marching along

February 24, 2007

It’s not even March yet, but since my mind is already in Acapulco with Fermin, and when I return we will have thankfully left February behind, so it might as well be.

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March is a crappy month in Wisconsin, but to me it signals the start of something good. There isn’t warm weather, or flowers or birds, but the name sure makes it sounds like spring.

March is when department stores get rid of coats and start carrying swimsuits, it’s when I receive my seed catalogs and the snow sometimes melts, but only to be replaced by new, fresher snow a few days later. In March though, this could be the last snowstorm, you never know.

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Speaking of seeds, last year I had a disappointing experience starting seeds in my under-insulated upstairs bedroom without enough light, so this year, I’ll be back to buying all my plants from the West Allis Farmer’s Market. Those seed catalogs make me think about making mojitos with my own fresh mint and a pizza with a jiffy crust, fresh-picked tomatoes and basil drizzled in olive oil. Paradise.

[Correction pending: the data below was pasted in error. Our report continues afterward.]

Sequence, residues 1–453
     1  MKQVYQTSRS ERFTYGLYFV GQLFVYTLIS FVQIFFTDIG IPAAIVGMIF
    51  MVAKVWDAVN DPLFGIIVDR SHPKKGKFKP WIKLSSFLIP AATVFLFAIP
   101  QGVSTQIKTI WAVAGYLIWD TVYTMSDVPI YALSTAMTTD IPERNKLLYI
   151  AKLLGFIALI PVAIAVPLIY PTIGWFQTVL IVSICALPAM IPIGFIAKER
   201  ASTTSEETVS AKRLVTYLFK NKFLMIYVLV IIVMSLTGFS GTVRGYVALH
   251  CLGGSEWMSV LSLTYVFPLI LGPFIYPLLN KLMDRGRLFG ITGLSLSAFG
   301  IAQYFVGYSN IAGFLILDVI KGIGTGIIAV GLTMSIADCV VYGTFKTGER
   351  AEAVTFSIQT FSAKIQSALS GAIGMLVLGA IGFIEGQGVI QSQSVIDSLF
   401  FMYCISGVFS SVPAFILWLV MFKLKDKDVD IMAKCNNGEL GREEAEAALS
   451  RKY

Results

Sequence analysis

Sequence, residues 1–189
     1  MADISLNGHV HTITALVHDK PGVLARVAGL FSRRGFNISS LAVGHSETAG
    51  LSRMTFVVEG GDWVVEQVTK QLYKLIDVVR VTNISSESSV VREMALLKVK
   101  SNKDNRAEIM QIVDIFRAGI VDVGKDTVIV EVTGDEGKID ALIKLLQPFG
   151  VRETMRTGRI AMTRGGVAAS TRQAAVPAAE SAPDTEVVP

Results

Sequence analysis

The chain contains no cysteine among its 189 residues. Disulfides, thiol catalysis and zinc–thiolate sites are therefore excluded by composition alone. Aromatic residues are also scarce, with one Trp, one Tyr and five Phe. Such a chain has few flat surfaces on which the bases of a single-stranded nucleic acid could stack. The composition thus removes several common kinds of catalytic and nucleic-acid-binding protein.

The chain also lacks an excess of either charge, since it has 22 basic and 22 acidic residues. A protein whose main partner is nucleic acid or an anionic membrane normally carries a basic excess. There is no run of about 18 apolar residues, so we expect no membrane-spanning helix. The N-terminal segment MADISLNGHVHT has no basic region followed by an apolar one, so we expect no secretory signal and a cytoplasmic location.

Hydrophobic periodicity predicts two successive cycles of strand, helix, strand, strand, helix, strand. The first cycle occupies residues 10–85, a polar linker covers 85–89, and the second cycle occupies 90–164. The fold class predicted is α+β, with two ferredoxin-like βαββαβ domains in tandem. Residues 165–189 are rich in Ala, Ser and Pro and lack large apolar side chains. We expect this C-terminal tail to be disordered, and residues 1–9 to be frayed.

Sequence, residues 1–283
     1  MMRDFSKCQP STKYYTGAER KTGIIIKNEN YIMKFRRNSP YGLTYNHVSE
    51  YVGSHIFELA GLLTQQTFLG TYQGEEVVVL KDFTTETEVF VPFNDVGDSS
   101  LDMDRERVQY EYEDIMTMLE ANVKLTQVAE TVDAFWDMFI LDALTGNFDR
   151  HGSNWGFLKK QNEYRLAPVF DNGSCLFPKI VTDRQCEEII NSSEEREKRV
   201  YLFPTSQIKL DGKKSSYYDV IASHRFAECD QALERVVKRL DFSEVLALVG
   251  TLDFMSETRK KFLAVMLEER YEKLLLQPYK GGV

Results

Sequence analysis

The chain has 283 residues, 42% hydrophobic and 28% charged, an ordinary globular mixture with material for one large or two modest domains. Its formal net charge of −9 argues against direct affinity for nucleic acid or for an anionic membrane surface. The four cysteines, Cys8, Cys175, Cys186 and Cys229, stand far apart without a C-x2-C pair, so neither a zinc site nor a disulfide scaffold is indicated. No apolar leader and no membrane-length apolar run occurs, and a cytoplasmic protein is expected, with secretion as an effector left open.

This will be my third year of gardening, and if I wasn’t so lazy, I would probably dig up my whole crappy brick patio and turn it into a bigger garden. I would produce enough tomatoes for my whole Mexican family, grow five kinds of basil, four types of chili peppers, and all the veggies I will use for stir-fries for the whole summer.

I’m also looking forward to starting a compost bin. With a full house, we make a lot of food waste, that could turn into wonderful matter to aid my already remarkably fertile soil.

It’s going to snow a foot tonight — so why am I writing about gardening anyway? Back to reality, February, and a snowy evening working at Qdoba.


Happy President’s Day!

February 19, 2007

It’s President’s Day, and I’ve already decided whom I’d like to support for President.

It is, admittedly, way too early to be thinking about the 2008 presidential campaign, but nonetheless, there are many reasons that I already am.

I am somewhat more politically savvy than I have ever been. I read more news. I have more opinions. I understand more of what I believe. I’m an adult now. The last presidential campaign, I was going through massive life changes, (marriage, house-buying), and the one before that I lived in China, and shamefully, I didn’t request an absentee ballot.